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316 Antibody and T-Cell Responses to COVID-19 Vaccination in Myeloproliferative Neoplasm PatientsClinically Relevant Abstract

Program: Oral and Poster Abstracts
Type: Oral
Session: 634. Myeloproliferative Syndromes: Clinical and Epidemiological: Transplantation, COVID-19 and Biology Insights
Hematology Disease Topics & Pathways:
Clinically Relevant, Diseases, Myeloid Malignancies
Saturday, December 11, 2021: 4:45 PM

Joan How, MD1, Kathleen M.E. Gallagher, PhD2*, Yiwen Liu3*, Ashley DeMato4*, Katelin Katsis, BS5*, Rebecca Larson, BS6, Mark B. Leick, MD7*, Donna S. Neuberg, ScD8, Marcela V. Maus, MD4 and Gabriela Hobbs, MD9

1Internal Medicine - Hematology, Brigham and Women's Hospital, Boston, MA
2Massachusetts General Hospital, Harvard Medical School, Charlestown, MA
3Department of Data Science, Dana-Farber Cancer Institute, Boston, MA
4Cancer Center, Massachusetts General Hospital, Boston, MA
5Immune Monitoring Laboratory, Massachusetts General Hospital, Boston
6Cellular Immunotherapy Program, Massachusetts General Hospital Cancer Center, Boston, MA
7Cellular Immunotherapy Program, Massachusetts General Hospital, boston, MA
8Department of Data Science, Dana-Farber Cancer Institute, Boston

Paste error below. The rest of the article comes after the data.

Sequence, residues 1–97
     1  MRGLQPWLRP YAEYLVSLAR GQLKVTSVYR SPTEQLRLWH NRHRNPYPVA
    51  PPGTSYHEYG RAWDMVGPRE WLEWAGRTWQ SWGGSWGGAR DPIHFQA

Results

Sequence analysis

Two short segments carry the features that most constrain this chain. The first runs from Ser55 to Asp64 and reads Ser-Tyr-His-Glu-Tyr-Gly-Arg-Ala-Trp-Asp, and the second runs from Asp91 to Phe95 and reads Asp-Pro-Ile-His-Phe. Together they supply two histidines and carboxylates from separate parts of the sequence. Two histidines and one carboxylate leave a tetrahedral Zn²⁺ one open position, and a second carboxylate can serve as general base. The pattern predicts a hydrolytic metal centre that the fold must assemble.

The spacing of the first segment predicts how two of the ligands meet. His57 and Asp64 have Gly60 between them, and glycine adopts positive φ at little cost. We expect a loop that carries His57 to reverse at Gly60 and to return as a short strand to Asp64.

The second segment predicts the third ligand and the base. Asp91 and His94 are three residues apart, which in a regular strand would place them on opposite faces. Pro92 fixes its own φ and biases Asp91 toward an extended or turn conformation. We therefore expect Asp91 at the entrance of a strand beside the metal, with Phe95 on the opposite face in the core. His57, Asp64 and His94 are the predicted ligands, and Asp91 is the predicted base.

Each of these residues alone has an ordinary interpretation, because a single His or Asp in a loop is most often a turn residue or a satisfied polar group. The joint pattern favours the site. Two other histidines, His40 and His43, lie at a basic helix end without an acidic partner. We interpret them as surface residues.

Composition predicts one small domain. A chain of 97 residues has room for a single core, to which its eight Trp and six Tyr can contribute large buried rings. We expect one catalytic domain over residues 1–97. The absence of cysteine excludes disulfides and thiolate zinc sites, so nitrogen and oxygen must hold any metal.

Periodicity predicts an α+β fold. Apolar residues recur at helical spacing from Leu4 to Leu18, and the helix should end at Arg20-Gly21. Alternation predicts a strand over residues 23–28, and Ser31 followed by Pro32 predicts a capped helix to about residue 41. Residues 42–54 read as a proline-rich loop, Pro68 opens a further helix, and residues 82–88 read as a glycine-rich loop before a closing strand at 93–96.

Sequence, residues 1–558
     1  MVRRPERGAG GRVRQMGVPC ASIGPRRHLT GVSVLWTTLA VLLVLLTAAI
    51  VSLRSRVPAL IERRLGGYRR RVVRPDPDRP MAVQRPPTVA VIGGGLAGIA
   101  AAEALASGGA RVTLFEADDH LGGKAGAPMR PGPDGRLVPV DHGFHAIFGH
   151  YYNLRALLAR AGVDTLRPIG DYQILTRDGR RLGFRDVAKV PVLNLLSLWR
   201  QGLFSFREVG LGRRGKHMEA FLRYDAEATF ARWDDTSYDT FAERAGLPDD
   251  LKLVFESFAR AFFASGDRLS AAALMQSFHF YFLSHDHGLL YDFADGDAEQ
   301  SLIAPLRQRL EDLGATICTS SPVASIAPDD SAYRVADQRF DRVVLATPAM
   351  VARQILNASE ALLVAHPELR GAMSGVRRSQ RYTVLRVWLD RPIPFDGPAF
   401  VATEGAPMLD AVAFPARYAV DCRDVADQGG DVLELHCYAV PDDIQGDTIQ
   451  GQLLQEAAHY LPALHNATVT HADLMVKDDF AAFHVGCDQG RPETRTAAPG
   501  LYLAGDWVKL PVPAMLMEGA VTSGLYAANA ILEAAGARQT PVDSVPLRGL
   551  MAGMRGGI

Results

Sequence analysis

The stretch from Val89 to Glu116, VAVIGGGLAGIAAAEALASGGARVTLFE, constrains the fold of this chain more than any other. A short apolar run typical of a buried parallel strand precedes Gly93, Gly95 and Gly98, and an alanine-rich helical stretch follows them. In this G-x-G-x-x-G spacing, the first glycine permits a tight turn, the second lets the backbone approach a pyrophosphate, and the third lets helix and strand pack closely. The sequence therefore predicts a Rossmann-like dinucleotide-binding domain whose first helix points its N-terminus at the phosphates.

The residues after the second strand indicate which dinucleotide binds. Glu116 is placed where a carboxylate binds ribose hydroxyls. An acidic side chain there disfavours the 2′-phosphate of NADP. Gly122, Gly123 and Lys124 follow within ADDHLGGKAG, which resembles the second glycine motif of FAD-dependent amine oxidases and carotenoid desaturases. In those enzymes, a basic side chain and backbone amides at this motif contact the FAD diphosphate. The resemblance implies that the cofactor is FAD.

9Leukemia Center, Massachusetts General Hospital, Boston, MA

The efficacy of COVID-19 vaccines in cancer populations remain unknown. Myeloproliferative neoplasms (MPNs), including chronic myeloid leukemia (CML), essential thrombocythemia (ET), polycythemia vera (PV), and myelofibrosis (MF) remain a vulnerable patient population and are immunocompromised due to impaired innate and adaptive immunity, heightened inflammation, and effects of ongoing treatment. We evaluate antibody and T-cell responses in MPN patients following completion of the BNT162b2 (Pfizer/BioNTech) and mRNA-1273 (Moderna) COVID-19 vaccine series.

Patients with a known diagnosis of MPN presenting at Massachusetts General Hospital and eligible for COVID-19 vaccination were recruited. All participants gave informed consent and the study protocol was approved by the Institutional Review Board. 33 MPN patients were enrolled and 23 patients completed vaccination. Baseline and post-vaccination peripheral blood samples were collected and peripheral blood mononuclear cells (PBMCs) isolated. 26 vaccinated participants with no history of malignancy were included as healthy controls (PMID 33972942). Baseline characteristics are tabled below.

Qualitative ELISA for human IgG/A/M against SARS-CoV-2 spike protein using donor serum was performed per manufacturer instructions. Seroconversion occurred in 22/23 (96%) of MPN patients and 25/26 (96%) of healthy controls (Figure).

To measure SARS-CoV-2 T-cell immunity, an IFNγ ELISpot assay previously developed in convalescent and vaccinated healthy individuals was used. Freshly isolated PBMCs from patients were stimulated with commercially available overlapping 15mer peptide pools spanning the SARS-CoV-2 spike and nucleocapsid proteins. Given its size, the spike protein was split into two pools (Spike A or B). IFNγ-producing T-cells were quantified by counting the median spot forming units (SFU) per 2.5x105 PBMCs from duplicate wells. A positive threshold was defined as >6 SFUs per 2.5x105 PBMCs to either Spike A or B after subtraction of background, based on prior receiver operator curve (ROC) analysis of ELISpot responses (sensitivity 90% specificity 92%).